And here's the final method I've tried (god, I've spent far too much time on this, didn't realise till I started writing this). Use the Linux Software RAID driver. Build a RAID1 (mirror) using the disk storage and a file on tmpfs, with the disk set to be write-mostly (and write-behind if you can stomach data loss in a power cut or crash). This will then start off syncing the disk to RAM, reading "misses" from disk. Once this is synced, all reads and writes will go to RAM, but writes will also go to the disk.

Phew!

I don't know how much can easily be used on a Droid device (as I don't know what modules are available, probably varies between devices), but in this case I would say using SquashFS and UnionFS is probably best (due to limited RAM), but it's something which would need to be experimented with.

Wish you all well with this.

i used of casper method some times too

people often use it to run things from a usb stick

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i used of casper method some times too

people often use it to run things from a usb stick

Yep, I got the idea from Ubuntu, then modified it for my own use (this one was a boot-from-network media PC). Involved some dirty hacking about of the initrd and init scripts, but it was very fast (once it had loaded the image into RAM)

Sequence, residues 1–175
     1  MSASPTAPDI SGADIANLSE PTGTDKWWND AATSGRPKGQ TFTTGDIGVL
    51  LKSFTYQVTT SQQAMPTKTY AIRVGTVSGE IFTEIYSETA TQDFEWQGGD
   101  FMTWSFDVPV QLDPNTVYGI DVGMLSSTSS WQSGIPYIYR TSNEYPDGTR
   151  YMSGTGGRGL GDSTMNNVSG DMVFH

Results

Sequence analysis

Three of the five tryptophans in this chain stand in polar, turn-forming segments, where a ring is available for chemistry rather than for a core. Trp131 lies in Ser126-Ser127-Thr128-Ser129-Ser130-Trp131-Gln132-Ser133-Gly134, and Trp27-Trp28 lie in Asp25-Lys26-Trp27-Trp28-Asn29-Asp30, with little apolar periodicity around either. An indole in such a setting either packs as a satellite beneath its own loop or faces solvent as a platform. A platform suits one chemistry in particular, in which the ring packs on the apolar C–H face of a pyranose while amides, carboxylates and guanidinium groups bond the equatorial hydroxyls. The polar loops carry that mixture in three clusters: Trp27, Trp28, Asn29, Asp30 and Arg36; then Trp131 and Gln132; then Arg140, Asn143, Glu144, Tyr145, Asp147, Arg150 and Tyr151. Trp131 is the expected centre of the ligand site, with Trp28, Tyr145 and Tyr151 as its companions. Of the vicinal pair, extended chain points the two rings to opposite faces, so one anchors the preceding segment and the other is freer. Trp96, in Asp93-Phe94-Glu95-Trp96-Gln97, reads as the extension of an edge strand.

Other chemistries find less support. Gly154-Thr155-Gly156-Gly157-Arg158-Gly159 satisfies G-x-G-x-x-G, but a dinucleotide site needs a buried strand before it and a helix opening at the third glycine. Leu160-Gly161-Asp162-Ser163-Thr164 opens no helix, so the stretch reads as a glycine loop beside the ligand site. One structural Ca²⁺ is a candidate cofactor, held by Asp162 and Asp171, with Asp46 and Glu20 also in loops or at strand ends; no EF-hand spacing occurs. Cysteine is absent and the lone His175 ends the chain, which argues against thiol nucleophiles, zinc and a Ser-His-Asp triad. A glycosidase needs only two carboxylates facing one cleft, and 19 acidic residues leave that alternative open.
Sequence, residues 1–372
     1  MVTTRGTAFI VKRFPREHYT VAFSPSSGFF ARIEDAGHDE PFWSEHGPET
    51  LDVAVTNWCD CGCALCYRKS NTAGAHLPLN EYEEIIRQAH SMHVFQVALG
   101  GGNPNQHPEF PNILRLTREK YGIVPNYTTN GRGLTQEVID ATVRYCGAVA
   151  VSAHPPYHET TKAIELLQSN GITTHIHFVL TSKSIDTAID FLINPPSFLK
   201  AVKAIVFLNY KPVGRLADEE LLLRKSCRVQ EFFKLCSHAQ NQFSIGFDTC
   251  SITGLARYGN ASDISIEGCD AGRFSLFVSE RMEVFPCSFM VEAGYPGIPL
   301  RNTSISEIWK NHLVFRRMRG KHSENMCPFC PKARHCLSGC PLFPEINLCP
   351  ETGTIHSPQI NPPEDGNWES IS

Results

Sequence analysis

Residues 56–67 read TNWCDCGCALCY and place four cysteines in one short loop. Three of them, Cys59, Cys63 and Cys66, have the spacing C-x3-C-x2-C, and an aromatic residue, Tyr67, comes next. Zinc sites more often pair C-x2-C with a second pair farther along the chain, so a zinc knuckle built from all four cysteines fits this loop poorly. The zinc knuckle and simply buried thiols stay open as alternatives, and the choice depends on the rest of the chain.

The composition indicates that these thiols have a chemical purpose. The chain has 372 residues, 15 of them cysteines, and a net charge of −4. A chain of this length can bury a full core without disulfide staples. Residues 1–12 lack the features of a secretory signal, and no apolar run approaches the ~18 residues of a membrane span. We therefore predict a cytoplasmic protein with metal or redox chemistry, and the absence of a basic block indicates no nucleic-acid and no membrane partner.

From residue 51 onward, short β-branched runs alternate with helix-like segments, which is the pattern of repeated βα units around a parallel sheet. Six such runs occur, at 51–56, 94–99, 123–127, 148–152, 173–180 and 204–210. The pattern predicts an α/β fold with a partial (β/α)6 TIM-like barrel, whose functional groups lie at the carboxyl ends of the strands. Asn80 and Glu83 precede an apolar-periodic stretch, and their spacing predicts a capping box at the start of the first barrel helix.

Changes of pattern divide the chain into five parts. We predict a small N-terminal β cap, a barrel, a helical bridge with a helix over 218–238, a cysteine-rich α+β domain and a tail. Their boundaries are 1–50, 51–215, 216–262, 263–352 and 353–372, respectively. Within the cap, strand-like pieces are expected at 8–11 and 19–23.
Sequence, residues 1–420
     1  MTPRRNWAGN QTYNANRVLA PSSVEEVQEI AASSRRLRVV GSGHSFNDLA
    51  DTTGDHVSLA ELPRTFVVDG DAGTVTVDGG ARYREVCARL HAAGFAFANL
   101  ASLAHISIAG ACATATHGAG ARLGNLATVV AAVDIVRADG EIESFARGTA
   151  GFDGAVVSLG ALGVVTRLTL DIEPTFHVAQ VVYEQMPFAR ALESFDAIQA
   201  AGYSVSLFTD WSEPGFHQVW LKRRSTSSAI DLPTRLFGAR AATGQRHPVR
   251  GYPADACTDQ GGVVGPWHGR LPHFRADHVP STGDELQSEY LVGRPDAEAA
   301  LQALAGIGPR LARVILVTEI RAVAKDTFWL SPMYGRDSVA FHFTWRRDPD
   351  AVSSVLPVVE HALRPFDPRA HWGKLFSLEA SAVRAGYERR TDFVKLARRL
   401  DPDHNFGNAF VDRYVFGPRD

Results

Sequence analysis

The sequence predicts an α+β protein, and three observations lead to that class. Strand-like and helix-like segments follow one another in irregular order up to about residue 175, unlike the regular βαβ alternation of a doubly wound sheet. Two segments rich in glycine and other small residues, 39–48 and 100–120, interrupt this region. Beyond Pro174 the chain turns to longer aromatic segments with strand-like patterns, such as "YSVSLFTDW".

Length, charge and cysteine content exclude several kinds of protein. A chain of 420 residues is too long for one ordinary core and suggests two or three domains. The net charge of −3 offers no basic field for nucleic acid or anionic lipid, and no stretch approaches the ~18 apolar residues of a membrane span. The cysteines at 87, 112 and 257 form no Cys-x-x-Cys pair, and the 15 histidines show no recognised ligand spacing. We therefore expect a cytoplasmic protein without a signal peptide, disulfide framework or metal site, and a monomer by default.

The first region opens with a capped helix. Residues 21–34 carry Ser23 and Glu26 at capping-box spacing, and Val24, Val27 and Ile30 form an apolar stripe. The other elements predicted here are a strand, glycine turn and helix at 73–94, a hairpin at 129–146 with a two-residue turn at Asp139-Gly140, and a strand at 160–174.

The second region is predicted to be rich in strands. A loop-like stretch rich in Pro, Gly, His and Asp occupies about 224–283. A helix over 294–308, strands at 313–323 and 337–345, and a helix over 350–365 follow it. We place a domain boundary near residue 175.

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Posted (edited)

Yep, I got the idea from Ubuntu, then modified it for my own use (this one was a boot-from-network media PC). Involved some dirty hacking about of the initrd and init scripts, but it was very fast (once it had loaded the image into RAM)

yes i made the same thing :P

i have 2 or 3 ready systems in a 8 gigs stick (unetbootin is my friend hehe)

anyway with actual computers not a problem 2 or 4 gigs memory is standart

for me i prefer archlinux it's not like ubuntu a take you by the hand system

Edited by Phoenix Silver
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Can anyone see any problems making a TPT zip without a system or cache partitions all together? I've slimmed down and tar.gz'd the system partition image to about 60mb... I'll make the boot partition 60mb bigger add the system image, and mount it in ram like you've been discussing. A few meg in ram for cache & dalvik-cache.

I bet we can get somewhere near to 450mb space in /data for apps! And by keeping system as small as possible, it'll not use much ram or take much time to boot either :P